Amazing Artwork Hiding In Plain Sight Near Midtown NYC

New York City is well-known as the mecca of galleries, art shows and culture. Yet amongst the vibrant bustle and artistic energy of the city streets, few take a ‘New York Minute’ to pause and notice the intricate public artwork nestled among the skyscrapers. Here are just a few of the eclectic pieces hidden right in the heart of NYC waiting for your admiration.


Just a block away from the Roger Smith Hotel on 48th Street is an explosive colorful mural that’s part of the Street Art for Mankind’s series celebrating the centennial of the International Labour Organization (ILO), the oldest United Nations agency. Between East 42nd Street and East 48th Street, these murals depict the social justice and fair employment challenges we are facing in terms of green jobs, gender equality at work, eradication of child and forced labor, youth employment, and the future of work.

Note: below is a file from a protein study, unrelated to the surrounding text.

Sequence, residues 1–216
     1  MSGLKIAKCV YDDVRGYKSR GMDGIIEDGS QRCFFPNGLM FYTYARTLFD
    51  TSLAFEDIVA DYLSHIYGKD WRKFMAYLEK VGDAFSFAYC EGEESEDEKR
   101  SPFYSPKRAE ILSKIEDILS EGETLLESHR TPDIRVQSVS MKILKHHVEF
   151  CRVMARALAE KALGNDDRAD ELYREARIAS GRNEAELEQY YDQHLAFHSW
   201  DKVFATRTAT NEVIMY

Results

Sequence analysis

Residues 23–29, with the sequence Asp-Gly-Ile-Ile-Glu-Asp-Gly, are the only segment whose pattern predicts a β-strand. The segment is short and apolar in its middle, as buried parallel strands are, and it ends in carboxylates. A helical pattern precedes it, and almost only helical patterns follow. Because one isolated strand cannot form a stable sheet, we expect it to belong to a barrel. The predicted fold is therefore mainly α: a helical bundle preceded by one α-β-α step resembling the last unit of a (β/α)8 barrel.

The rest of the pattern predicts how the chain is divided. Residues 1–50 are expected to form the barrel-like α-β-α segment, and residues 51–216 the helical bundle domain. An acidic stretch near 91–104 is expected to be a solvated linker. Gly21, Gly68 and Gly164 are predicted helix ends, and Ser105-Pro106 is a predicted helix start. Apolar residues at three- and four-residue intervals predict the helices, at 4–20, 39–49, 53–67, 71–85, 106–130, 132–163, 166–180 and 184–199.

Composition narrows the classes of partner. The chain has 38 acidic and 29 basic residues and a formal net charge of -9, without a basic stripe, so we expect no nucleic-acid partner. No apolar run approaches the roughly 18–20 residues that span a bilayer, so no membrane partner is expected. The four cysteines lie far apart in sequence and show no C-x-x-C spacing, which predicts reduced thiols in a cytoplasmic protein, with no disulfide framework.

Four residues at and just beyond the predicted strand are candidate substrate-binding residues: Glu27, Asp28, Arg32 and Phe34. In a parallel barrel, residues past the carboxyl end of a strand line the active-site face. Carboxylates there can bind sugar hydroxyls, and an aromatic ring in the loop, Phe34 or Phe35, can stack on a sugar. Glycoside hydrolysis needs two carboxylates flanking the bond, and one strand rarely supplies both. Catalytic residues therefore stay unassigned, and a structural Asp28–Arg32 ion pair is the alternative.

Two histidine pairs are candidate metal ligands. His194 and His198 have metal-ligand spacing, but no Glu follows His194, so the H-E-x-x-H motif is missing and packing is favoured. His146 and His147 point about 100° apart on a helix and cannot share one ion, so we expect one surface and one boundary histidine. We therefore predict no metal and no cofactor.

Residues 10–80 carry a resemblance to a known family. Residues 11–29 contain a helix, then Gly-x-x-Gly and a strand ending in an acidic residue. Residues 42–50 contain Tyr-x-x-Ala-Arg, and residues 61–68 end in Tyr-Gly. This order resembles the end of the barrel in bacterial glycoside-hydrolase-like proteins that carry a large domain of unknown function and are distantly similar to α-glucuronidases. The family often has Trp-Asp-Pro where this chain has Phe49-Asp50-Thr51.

Next, at the ‘Crossroads of the World’, renowned musician/artist Max Neuhaus' subtle installation is easy to miss but, once you discover it, you’ll have found a hidden gem. Stand on the grates in the little pedestrian triangle on Broadway between 45th and 46th Streets, and you'll hear harmonic but unidentifiable sounds emanating from below. Neuhaus created the site-specific installation in 1977 – inspired by Times Square as it was then – and it is now a permanent installation thanks to the Dia Foundation.


Third of note, the highline is a famous one-and-a-half-mile-long elevated park where you can not only take in panoramic views of Manhattan but also spot a slew of striking street art. Renowned artists worldwide have placed their creations on the walls of buildings located near the walkway. The latest is Jordan Casteel’s The Baayfalls which beautifully encapsulates the tumultuous year of 2020 and our recovery.


At the Roger Smith, we champion the city’s rich artistry, treating both our lobby and first-floor Lily’s Bar as rotating gallery spaces showcasing the work of local artists. We treat the entire building, and each of our rooms, as a work of art; unique, carefully crafted and memorable.


(Photo courtesy of The Highline)